Do you know a dad who is physically present, but absent? Dad doesn’t have to live apart from his son to be absent. Many families may appear to be “intact” with dad acting as the head of household when in fact, his mind and his energy are somewhere else.
3 Most Common Types
First: There’s the “cool dad” who never grew up!
He wants to be his son’s buddy. He’s available to take him out four-wheeling or fishing, a golf outing or on a trip to Disneyland! They often catch a movie or whatever fun thing he likes to do. Sadly, he never seems to have time for parent-teacher conferences. He and his son can spend hours playing video games or watching football. He seems to disappear when something less fun, like making sure his homework gets done or confronting him about the bag of marijuana Mom found in his sock drawer needs to be addressed. That’s the dad that never grew up.
This dad is present for his son, but not in the way dad should be. Their relationships with their boys are more like that of an older brother, or maybe a fun uncle. They spend time with their sons, which is a good, positive thing, and it does produce some positive results. However, they still somehow fail to provide the guidance, teaching, and discipline an adolescent boy needs to become a responsible man. Which is the most important lesson Dad can provide his son.
Second: Dad is incapacitated.
Struggling with addiction or a history of abuse is difficult to be present for anyone; the result is they are only there for themselves. A dad with this history and experience almost automatically becomes an “absent father,” because they are mentally incapable of providing the kind of steady, reliable presence their boy needs, even if/when they want to.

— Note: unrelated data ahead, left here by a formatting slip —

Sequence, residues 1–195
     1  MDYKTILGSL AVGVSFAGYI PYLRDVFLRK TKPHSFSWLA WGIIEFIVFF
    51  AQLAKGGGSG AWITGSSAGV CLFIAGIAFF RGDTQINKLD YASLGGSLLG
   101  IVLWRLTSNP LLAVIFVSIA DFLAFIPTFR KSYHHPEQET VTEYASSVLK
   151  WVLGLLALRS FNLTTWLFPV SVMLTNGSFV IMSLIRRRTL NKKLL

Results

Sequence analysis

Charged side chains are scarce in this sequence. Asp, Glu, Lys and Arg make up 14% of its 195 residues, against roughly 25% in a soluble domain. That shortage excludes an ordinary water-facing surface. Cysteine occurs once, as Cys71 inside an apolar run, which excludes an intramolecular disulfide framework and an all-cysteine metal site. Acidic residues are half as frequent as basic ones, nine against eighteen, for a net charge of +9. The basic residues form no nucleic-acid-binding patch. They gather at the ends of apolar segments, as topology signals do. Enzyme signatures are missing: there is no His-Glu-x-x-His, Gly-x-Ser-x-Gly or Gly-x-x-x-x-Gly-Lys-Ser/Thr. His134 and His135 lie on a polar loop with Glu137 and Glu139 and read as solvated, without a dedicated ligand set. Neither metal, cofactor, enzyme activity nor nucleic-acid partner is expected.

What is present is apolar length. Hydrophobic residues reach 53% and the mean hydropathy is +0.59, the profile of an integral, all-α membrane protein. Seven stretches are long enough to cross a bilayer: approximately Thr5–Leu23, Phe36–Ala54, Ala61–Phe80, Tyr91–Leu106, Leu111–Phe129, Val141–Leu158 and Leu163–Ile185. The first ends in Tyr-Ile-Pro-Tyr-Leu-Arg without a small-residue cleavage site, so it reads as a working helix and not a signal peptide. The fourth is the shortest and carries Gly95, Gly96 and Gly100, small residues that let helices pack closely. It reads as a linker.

The same can be true when suffering from a severe mental imbalance like depression—when it’s hard to get out of bed in the morning, it’s hard to consider and deal with the needs of another human being. Physical conditions like Parkinson’s disease or cancer can leave a father unable to do the basic work of parenting, If he is not well, “being present” for his son is a struggle, no matter how much he wants to be.
Third: The distracted dad.
He coaches Little League or he volunteers as a Boy Scout leader. He sits down at the table for dinner with the family every night. But despite all the things he appears to be doing right, he may be the type of “absent father” known as the distracted dad.
Distracted dads tend to be workaholic, perfectionist types who are too busy, stressed out, and wrapped up in their own lives and problems to take the time to provide the hands-on guidance their sons need. They feel fine leaving most of the parenting to Mom, since they see it as her job, or at least as a job she’s more suited to than they are.
They feel confident that they are contributing everything needed by working hard and doing what they can at home. What is missing is while they may be consistent by being physically present in their sons’ lives, emotionally they are checked out/somewhere else.
Finally: Be the dad that commits to making changes!
A boy needs a minimum of 3-5 hours scheduled one-on-one time with his dad every week (yes…just him and dad…alone!), most of the time doing something enjoyable for both of them! Building things, playing chess/checkers, walking the dog, playing video games (use moderation!), or just hanging out.
The goal is to be together! Dad is present for him; this is where important lessons can be taught and learned! The bonus: in that short period of scheduled time, he’ll feel special and his anxiety begins to decrease.
(Dad, remember if you don’t have the answers to some of his questions, let him know you will find out and get back with him. Then go do it! Get back to him in a reasonable amount of time, he won’t ever forget these moments!)
And that’s really what he needs and wants from his dad!
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